All About Surrogacy
Surrogacy is the process where a woman or a couple makes an arrangement with another woman to carry and deliver a child for her or them. There are three types of surrogacy: traditional, gestational and commercial.
In traditional surrogacy the surrogate woman is the child's genetic mother. In gestational surrogacy the surrogate woman has no genetic relationship to the child she is carrying and carries a transferred embryo to term. Commercial surrogacy is an arrangement where the surrogate is paid to carry the child. Payment is in excess of reasonable medical and other pregnancy-related expenses. A commercial surrogacy is sometimes called an altruistic surrogacy. It is illegal in the UK.
Women or couples who choose to have a child through a surrogate usually do so if either one or both have a medical condition that makes it either dangerous or impossible to carry a child to term and give birth.
In most cases it's a medical condition in the woman that prevents a traditional pregnancy. These conditions could include repeated pregnancy loss, no uterus or a malformed uterus, or repeated failed in vitro fertilization (IVF) attempts.
Other Divisions in Types of Surrogacy
The types of surrogacy are often divided into traditional, gestation or commercial as described earlier. Sometimes they're also described as full surrogacy or partial surrogacy.
Full surrogacy involves the implantation of an embryo using an embryo created from donor sperm or eggs, implantation of an embryo using a donor egg fertilized with sperm from the father, or implantation of an embryo created from the eggs and sperm of the intended parents. Full surrogacy has also been described as host or gestational surrogacy.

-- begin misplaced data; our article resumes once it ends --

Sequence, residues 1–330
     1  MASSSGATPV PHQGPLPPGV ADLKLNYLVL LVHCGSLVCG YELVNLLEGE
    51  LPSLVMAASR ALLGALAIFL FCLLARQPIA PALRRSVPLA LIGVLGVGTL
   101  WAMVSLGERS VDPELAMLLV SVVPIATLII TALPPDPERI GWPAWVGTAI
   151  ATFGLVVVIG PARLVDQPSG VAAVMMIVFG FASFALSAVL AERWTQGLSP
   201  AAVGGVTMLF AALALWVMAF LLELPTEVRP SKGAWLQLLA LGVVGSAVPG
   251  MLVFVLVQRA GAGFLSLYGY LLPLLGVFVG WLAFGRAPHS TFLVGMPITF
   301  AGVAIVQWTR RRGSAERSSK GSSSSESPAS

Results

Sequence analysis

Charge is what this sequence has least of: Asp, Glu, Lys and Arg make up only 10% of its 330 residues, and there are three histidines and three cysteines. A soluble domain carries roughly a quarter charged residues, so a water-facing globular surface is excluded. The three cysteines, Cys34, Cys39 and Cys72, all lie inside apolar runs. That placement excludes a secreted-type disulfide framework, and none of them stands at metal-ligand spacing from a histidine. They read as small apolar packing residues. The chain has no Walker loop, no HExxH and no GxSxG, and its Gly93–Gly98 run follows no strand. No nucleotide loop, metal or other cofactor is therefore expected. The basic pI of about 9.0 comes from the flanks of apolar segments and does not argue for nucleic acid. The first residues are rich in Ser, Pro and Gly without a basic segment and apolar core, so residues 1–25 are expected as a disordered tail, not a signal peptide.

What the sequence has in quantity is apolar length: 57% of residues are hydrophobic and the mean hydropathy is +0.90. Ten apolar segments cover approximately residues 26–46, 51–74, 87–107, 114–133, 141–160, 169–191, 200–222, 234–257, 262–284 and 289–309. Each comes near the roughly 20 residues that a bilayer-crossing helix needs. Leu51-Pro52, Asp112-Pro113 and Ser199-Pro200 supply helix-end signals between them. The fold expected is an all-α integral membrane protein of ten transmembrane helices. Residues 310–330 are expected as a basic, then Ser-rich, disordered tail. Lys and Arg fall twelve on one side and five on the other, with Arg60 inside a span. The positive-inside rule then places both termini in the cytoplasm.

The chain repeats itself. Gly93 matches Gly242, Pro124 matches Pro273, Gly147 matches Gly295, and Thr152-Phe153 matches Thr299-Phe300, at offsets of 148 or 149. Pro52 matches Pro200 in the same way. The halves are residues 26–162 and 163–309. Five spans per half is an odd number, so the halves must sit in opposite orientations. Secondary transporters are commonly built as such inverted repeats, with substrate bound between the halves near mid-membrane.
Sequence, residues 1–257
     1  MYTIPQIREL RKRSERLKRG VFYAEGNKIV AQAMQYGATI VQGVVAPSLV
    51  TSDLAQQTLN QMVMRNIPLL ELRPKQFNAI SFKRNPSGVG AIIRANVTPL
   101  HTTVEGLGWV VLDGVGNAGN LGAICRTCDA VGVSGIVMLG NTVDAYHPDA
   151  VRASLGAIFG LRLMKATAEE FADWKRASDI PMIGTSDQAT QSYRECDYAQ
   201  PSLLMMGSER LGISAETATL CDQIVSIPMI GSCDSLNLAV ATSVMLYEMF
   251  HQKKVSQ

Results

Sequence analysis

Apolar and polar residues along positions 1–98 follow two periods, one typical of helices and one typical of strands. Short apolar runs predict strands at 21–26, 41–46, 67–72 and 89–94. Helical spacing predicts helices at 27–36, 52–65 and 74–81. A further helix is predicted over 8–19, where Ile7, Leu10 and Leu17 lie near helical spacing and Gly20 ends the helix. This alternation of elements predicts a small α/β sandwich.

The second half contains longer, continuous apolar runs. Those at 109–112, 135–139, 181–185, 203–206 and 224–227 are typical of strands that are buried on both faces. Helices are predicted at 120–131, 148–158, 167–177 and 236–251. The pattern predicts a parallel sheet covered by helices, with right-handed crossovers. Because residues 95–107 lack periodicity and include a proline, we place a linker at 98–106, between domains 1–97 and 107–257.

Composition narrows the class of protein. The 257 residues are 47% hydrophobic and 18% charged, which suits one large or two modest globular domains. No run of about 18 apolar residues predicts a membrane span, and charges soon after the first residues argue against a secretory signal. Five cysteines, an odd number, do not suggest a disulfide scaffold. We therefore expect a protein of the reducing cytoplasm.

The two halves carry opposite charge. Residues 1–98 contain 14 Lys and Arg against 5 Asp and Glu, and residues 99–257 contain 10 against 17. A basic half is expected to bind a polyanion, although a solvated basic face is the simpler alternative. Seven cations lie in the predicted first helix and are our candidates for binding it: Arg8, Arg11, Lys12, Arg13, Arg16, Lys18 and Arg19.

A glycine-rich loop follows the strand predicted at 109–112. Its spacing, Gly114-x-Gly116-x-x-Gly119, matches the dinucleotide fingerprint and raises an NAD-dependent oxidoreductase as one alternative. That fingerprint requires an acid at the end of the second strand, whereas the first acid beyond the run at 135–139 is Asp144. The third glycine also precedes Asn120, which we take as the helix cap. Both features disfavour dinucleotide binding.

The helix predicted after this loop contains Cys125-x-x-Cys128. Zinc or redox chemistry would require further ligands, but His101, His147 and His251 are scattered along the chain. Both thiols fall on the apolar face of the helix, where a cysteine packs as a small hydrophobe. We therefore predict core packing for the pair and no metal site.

Partial surrogacy is the same as traditional surrogacy, which can also be called straight surrogacy. This is where the egg is fertilized with the sperm of the intended father. There rarely are sexual relations between the surrogate and the intended father and insemination is done artificially or by intrauterine insemination (IUI).
The Success Rate
Any woman or couple considering surrogacy will naturally want to know the success rate and how likely it is that they'll have a baby after the process. Doctors say it's difficult to determine the success rate but there are some factors that can affect the outcome.
You won't necessarily know if the surrogate will be able to get pregnant. But if she does, her age can play a factor in whether the pregnancy will go to term. Older women, even if the embryo is not genetically related to her, can have a harder time carrying a healthy baby to term.
If an egg donor is involved, the age of the donor is relevant. Typically eggs from younger women are healthier with a lower risk of genetic problems. The overall success of the artificial reproductive technologies used also determines if there will be a healthy baby born at the end of the process.
The type of surrogacy undertaken will impact the potential risks. Often the physical risks are greater to the surrogate who might need to undergo fertility treatment or who might be infected with hepatitis or HIV in the extremely rare case where proper donor screening isn't completed.
For the couple who need the surrogate, the emotional risks are high. There's always concern about whether or not the procedure will end in the birth of a child. There are concerns about the health of the child. Sometimes there are financial concerns since the couple making the arrangement is often responsible for the expense of prenatal care for the surrogate.
It's important to make sure all legal papers are signed to reduce the risk of a surrogate changing her mind and fighting to keep the child she has carried for 40 weeks.
It is illegal to pay a surrogate in the UK, but the intended parents are required to compensate the surrogate for reasonable expenses including loss of pay, clothing and medical care. You may also be required to pay clinic surrogacy fees.